Cost of Scottish Government indyref2 consultation revealed

Nicola Sturgeon had described another independence vote as 'highly likely'. Picture: SWNS
Nicola Sturgeon had described another independence vote as 'highly likely'. Picture: SWNS
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Ministers spent tens of thousands of pounds of taxpayers’ money running the public consultation for a second referendum on Scottish independence, internal figures have revealed.

A total of £22,593 was spent preparing the consultation and analysing the responses from members of the public, records released following a Freedom of Information request show.

The consultation was ordered by First Minister Nicola Sturgeon in the wake of the UK’s decision to leave the EU despite Scotland voting strongly to Remain.

At the time the SNP leader described another independence vote as “highly likely”, but last month she postponed her plans after her party lost 21 seats at the general election.

The consultation, which ran for three months from October 2016, attracted more than 7,500 submissions. Most of the money spent by the Scottish Government went towards analysing its results.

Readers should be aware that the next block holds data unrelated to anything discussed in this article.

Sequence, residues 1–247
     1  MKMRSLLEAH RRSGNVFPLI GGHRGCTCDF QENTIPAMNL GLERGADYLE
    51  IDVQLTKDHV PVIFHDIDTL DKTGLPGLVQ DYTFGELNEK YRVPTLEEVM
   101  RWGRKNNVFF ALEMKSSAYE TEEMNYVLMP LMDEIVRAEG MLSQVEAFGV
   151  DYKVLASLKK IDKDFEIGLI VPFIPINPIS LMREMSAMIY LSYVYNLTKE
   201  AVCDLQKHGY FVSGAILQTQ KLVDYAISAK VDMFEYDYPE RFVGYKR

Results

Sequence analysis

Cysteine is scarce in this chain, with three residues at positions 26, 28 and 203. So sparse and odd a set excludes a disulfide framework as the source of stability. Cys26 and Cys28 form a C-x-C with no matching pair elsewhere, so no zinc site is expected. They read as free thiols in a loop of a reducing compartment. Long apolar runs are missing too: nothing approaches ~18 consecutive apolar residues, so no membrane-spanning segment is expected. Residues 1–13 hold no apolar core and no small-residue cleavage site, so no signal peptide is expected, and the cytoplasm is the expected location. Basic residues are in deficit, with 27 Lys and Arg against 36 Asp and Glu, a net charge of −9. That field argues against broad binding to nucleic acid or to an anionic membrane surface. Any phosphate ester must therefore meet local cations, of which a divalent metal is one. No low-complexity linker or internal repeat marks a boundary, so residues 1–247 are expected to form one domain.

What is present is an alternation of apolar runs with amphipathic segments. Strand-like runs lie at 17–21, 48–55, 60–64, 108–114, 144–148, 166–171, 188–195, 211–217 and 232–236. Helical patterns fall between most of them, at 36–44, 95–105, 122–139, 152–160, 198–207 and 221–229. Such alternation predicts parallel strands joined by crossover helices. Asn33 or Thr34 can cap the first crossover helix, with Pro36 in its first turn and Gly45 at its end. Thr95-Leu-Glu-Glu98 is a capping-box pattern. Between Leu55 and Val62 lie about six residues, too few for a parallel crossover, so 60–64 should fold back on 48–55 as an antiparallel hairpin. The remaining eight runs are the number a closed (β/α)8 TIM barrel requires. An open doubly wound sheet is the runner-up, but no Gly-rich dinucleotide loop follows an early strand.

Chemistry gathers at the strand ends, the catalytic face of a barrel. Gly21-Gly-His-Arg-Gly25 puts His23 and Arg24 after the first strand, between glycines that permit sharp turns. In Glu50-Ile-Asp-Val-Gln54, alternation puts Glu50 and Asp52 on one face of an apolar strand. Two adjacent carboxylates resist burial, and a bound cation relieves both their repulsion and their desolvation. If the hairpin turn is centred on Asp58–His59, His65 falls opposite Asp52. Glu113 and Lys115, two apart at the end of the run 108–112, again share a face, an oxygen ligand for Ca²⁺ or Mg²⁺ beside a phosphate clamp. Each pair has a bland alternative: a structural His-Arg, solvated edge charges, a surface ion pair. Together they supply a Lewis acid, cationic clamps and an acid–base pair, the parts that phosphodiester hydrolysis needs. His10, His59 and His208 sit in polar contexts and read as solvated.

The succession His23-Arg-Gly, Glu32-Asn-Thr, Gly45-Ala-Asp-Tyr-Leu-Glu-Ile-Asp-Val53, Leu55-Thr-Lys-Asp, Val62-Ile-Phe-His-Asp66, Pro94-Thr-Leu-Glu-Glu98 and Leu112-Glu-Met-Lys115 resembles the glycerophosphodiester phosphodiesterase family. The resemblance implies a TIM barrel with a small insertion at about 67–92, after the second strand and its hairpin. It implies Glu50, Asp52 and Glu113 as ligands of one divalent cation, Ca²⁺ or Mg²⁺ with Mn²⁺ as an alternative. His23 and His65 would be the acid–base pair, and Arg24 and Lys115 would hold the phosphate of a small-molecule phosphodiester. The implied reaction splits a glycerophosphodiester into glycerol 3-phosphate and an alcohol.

The work by research consultancy Griesbach & Associates cost more than £16,000, with a further £1,700 spent converting it for the web and into British Sign Language. Running and publishing the consultation itself cost taxpayers £4,845.

One of the conclusions of the consultation analysis was that most people in Scotland supported a total ban on any public cash being put towards any future referendum.

Scottish Conservative chief whip Maurice Golden said: “This is tens of thousands of pounds that could have been saved if the SNP had listened to us the first time when we voted No in 2014.”

Labour MSP Jackie Baillie said: “The SNP needs to stop billing taxpayers for its independence fantasy and get back to the day job of fixing the mess it has made of our public services.”

A Scottish Government spokesman said the costs of the consultation were comparable with others of a similar size. He added: “This consultation is vitally important in ensuring the technical procedures around any future referendum are robust, fair and transparent.”